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Federal Marijuana Laws Still Prevail Over California's National Parks

Published Wednesday, May 31, 2017

There are plenty of fun things to do at California's national parks.

At Yosemite National Park, for instance, you can take your pet for a walk, pitch camping equipment, go biking, water rafting or snow skiing.

But one thing you can't do at California’s national parks -- legally, that is -- is possess or consume cannabis products.

Here's the gist.

The federal government has jurisdiction over national parks no matter which state the parks are located. That means that, though cannabis consumption is legal in California, the feds still prohibit marijuana use at the parks, which are on federal land.

“I’d anticipate more people thinking now that it is legal in the park,” Mike Mitchell, a Fresno, California defense attorney said in a Miami Herald interview.

Mitchell has represented clients who were caught with marijuana at Yosemite. The park is the state's most visited national park, which covers 1,200 square miles, and it touts the highest rate of marijuana busts among all national parks in the country.

Mitchell said the main issue is a lack of education.

“A lot of people don’t recognize that you are going into a completely different jurisdiction; it’s just like going into a different state,” he said.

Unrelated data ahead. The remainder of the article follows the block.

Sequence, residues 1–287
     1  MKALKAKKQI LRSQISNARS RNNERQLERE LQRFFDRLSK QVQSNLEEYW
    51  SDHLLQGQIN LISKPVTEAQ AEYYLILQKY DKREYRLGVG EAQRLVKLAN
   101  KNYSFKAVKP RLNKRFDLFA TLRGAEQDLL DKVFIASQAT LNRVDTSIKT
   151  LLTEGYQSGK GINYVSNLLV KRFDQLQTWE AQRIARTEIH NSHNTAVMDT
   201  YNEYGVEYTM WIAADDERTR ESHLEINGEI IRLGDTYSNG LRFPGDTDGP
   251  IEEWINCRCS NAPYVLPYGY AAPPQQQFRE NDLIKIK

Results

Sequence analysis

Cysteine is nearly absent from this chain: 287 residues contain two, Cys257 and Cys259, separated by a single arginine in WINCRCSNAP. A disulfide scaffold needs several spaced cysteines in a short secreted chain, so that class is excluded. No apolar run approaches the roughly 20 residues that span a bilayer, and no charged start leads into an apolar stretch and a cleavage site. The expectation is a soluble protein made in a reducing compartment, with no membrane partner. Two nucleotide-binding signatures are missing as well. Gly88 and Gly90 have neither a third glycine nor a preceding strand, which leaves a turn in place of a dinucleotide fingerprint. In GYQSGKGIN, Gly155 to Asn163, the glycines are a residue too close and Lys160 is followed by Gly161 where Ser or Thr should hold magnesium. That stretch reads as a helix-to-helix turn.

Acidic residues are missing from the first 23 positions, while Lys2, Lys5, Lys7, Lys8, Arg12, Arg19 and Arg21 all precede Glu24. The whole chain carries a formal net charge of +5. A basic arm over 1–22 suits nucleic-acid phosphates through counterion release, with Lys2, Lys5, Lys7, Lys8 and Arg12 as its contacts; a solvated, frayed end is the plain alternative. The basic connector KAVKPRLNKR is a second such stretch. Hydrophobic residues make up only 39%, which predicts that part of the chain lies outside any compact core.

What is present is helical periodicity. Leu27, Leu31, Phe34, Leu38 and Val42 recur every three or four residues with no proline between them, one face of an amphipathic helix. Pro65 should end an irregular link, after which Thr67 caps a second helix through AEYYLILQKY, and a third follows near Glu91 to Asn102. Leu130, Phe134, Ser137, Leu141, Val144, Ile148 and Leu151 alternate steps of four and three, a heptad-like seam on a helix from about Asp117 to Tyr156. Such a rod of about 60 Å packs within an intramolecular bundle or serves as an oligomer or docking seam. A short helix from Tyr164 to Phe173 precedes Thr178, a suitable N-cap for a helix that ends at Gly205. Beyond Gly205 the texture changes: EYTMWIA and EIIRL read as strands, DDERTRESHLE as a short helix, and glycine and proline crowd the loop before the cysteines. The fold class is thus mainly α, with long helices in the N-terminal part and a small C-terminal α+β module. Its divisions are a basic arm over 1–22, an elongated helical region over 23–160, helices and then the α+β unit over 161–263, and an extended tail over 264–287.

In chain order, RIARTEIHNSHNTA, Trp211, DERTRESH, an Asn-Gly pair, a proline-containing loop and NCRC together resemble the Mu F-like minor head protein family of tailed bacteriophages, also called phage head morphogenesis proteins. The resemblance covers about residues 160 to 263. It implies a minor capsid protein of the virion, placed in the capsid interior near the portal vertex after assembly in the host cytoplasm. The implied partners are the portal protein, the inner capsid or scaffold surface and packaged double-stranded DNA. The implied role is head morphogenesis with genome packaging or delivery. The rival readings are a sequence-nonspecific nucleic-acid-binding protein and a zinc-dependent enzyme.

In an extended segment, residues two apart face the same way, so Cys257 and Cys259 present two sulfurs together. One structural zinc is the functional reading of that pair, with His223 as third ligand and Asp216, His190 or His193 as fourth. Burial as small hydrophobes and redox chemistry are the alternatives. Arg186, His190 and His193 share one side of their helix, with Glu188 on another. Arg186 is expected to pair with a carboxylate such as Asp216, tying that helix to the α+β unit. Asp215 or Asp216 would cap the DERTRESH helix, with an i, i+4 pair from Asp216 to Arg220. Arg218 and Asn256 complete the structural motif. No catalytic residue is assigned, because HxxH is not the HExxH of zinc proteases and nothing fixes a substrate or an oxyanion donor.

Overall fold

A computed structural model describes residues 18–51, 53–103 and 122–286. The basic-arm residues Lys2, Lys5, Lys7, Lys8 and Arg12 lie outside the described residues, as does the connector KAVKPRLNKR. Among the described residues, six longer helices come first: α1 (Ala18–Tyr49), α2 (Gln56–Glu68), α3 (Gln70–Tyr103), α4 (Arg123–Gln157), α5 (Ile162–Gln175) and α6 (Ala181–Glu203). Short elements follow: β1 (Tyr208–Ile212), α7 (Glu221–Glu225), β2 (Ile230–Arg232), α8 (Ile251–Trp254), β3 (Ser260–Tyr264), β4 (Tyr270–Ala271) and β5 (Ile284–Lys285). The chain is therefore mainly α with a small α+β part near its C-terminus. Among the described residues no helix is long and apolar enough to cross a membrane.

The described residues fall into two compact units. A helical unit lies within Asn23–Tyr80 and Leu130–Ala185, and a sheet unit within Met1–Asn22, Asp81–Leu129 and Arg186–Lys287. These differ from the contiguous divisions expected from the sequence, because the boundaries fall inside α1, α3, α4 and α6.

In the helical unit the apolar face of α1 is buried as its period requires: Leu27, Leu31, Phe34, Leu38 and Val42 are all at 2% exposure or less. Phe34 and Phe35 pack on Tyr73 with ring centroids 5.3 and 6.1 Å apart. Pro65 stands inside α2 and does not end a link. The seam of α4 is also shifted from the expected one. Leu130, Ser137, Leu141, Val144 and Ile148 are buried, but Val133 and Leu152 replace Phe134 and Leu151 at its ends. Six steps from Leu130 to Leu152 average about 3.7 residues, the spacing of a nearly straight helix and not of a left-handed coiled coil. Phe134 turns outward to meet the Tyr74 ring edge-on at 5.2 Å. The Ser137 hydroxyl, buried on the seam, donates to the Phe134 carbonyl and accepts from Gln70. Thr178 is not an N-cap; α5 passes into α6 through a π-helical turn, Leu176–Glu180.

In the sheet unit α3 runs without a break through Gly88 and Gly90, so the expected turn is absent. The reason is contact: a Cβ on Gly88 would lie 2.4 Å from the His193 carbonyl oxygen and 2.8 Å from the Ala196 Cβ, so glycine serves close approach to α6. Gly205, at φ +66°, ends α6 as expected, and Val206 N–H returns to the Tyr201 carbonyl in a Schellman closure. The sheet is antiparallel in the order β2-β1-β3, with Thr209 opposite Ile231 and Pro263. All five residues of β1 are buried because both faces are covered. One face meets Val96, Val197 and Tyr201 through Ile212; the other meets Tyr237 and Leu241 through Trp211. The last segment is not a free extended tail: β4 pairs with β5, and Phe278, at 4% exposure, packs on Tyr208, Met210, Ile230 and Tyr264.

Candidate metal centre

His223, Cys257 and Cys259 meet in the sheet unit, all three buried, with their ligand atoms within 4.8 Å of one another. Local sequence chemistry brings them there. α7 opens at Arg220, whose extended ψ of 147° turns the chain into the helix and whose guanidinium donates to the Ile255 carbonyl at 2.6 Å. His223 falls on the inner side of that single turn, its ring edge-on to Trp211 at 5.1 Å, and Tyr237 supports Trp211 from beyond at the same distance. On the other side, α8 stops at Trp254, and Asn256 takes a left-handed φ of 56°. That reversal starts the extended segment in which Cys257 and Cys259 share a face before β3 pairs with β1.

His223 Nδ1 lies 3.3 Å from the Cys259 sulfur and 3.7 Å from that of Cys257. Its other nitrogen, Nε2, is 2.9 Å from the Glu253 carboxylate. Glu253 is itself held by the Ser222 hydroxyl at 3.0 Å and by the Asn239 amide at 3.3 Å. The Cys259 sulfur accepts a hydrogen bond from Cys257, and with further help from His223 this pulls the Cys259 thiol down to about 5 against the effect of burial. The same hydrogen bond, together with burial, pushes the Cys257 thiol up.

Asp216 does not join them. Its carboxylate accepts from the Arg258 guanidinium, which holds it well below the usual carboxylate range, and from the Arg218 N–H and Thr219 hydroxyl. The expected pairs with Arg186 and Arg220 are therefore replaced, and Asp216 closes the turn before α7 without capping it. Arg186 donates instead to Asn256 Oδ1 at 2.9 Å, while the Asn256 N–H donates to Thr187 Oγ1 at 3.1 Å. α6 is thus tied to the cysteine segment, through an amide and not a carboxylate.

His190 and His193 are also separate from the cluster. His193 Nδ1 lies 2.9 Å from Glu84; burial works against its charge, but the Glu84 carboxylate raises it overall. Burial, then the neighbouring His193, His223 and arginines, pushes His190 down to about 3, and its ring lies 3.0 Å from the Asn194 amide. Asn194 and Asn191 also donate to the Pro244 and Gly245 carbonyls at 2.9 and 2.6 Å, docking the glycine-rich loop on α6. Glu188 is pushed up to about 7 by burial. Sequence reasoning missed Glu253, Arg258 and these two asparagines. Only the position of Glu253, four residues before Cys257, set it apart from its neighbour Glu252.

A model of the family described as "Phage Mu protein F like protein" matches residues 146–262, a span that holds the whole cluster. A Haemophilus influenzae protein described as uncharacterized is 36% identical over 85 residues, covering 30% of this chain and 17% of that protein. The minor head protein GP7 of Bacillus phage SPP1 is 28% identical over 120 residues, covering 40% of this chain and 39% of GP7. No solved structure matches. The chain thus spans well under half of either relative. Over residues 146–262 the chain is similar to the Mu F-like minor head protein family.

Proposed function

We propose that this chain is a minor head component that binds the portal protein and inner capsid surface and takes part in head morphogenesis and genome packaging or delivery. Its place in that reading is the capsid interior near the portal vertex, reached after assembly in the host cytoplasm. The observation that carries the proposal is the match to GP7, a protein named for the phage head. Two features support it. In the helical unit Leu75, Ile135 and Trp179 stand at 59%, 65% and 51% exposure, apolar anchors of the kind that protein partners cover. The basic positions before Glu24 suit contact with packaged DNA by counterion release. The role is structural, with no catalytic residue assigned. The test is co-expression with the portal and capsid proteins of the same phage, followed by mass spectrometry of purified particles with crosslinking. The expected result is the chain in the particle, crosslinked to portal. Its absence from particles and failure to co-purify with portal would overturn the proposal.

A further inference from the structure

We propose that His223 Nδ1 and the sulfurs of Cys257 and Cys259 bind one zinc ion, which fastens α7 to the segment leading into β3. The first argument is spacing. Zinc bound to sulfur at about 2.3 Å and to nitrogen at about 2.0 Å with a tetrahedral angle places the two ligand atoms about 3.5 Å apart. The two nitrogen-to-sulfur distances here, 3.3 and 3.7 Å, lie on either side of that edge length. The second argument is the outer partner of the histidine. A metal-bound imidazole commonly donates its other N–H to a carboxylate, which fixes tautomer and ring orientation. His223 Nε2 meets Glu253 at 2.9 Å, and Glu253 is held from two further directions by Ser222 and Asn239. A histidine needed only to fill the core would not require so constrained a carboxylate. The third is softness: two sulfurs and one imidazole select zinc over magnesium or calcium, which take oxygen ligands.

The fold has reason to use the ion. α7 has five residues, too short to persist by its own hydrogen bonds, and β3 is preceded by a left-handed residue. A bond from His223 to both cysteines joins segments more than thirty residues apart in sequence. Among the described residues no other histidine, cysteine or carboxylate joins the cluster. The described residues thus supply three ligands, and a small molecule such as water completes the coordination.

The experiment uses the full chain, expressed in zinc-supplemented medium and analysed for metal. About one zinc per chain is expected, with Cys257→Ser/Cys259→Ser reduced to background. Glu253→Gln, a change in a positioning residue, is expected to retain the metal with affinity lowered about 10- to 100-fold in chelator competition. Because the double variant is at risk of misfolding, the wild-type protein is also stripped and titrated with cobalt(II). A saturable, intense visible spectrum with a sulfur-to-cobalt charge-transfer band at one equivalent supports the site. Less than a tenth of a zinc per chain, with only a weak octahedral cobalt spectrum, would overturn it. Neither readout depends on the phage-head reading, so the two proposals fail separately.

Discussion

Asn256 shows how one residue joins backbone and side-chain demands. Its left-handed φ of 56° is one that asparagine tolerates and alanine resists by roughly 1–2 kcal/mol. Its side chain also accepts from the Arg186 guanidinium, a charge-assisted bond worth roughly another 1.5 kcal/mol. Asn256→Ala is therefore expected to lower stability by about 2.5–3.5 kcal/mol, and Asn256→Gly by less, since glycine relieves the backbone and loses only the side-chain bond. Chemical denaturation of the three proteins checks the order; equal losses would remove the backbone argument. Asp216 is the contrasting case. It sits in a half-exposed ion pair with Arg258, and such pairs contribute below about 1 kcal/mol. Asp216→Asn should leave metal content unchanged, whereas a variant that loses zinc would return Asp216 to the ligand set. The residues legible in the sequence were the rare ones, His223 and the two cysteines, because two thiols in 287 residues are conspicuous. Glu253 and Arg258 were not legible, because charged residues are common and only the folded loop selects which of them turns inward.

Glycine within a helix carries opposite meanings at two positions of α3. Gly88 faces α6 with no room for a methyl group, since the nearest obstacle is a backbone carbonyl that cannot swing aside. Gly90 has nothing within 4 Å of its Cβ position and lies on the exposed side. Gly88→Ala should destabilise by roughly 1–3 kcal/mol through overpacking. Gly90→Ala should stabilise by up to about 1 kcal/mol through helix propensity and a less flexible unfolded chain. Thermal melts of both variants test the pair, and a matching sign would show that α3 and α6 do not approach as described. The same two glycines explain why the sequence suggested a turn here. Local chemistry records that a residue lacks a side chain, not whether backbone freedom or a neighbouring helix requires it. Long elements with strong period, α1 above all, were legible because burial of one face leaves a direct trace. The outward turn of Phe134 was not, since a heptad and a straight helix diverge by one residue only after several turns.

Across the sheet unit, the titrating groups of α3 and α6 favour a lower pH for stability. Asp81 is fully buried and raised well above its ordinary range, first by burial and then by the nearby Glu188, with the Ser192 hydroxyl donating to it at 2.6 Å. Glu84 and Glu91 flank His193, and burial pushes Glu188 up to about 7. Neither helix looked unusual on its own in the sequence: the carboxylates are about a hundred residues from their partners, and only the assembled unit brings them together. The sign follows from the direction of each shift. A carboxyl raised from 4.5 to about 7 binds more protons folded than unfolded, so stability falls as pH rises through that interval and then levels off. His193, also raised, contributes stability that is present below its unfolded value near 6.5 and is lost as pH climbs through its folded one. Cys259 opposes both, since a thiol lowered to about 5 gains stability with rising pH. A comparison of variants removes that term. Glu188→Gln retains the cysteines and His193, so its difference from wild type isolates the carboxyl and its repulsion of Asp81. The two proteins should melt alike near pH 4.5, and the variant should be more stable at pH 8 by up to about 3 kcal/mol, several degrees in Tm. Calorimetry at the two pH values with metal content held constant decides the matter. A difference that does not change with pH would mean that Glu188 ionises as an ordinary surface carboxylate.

What's more, when California voters approved Proposition 64 last year to legalize the recreational use of marijuana in the state, they also voted for many existing restrictions.

For instance, California's marijuana smokers are still prohibited from smoking in public places, unless specifically allowed by a local ordinance.

Smoking Cannabis in National Parks

National parks are considered public places and therefore, as in any public place, caught smokers can face fines up to $100. Adults caught smoking marijuana where tobacco smoking is prohibited can face fines up to $250.

“So there is no change: We will continue to enforce marijuana prohibition as before," said Andrew Munoz, Pacific West spokesman for the National Park Service in a Miami Herald interview.

Still, law enforcement seems to vary from park to park. At Joshua Tree National Park, for instance, park rangers seem to be a bit more lenient.

"We only cite for [marijuana] if there are other drugs involved,” said Acting Chief Ranger Dan Messaros to the Miami Herald. 

“We do confiscate without citing, including people with medical cards,” Messaros wrote in an email. “Most of these are fake that we run into.”

There you have it. Since you're on Federal land, Federal law applies. 

 

 


 

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